If you go to Australia, in the city of Melbourne, and you ask the ancient Sicilian emigrants who left our land around 50 years ago, they are still convinced that carts are a common means of transport nowadays!
In fact, the Sicilian cart is the best-known object of popular art. And it’s one of the symbols of the Trinacria.
The tradition of Sicilian carts has ancient origins.
There are different styles and types of it: there is the Palermo style, the Catania style, the Trapani style and the Vittoria style.
The Sicilian cart is ideal for transporting wood, wine barrels, oil and agricultural products. Carpenters and carvers made all the wooden parts. A blacksmith took care of the wrought elements and the painters painted and decorated the parts of the chariot with colorful scenes and figures. Its colors are the yellow of the sun, the orange of the oranges, the blue of the sky and the sea and the red of the lava of Etna.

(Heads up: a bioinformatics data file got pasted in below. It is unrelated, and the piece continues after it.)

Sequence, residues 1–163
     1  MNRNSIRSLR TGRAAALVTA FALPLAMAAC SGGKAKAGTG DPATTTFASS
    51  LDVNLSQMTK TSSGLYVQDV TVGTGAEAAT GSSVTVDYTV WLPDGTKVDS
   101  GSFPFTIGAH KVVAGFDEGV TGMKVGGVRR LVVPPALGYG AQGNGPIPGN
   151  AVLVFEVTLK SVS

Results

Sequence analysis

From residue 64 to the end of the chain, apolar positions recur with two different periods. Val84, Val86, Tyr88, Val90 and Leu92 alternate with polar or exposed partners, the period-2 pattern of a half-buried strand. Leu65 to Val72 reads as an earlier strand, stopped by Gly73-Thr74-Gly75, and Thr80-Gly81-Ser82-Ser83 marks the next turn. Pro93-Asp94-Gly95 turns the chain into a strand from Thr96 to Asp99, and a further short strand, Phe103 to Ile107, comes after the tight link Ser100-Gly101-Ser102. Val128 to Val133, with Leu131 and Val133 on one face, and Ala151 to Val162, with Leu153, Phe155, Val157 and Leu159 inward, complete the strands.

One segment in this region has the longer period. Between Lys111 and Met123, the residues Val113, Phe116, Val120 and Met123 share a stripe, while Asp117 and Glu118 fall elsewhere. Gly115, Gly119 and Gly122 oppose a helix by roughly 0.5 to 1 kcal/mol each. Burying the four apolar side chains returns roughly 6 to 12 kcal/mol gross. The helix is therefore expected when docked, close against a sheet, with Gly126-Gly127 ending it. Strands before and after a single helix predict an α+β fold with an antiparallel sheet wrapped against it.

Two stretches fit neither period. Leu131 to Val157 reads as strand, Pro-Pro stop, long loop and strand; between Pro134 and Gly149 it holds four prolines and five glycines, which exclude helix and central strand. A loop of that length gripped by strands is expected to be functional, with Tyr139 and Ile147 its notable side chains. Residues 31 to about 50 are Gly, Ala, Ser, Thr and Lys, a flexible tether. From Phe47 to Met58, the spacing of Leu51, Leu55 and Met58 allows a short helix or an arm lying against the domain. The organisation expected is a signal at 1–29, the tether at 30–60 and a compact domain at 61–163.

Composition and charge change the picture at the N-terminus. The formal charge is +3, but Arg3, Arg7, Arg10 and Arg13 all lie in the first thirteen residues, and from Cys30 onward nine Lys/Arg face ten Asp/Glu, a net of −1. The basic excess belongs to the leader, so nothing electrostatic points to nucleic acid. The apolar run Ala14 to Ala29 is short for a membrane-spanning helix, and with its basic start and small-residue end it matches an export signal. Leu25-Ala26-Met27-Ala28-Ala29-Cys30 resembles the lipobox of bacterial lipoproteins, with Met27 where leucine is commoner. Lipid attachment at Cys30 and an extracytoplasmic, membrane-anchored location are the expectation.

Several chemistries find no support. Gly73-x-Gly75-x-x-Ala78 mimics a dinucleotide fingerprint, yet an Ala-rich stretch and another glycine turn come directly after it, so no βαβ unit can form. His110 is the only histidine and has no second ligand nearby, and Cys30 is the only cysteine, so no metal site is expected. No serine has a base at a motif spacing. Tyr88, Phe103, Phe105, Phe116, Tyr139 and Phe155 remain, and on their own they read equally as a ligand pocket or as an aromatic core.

The history of the Sicilian cart dates back to 800. They were made with very high wheels because the roads were very difficult to navigate. Today it is not difficult to find these floats even during popular festivals and village festivals.
Particularly interesting to see is the feast of Sant’Alfio in Trecastagni, in the province of Catania. The first description of it was made by a French literate Jean Baptiste Gonzalve de Nervo. The writer stayed in Sicily for a month to write a book. This book tells of small carts painted in blue with the image of the Virgin. The cart was drawn by horses with a yellow and red plum on its head. It is the best-known symbol of our island. The writer Guy the Maupassant called it a rebus that walks for its particular decorations.
Since last year Sicilian government has asked to regard the Sicilian chart as Unesco Heritage….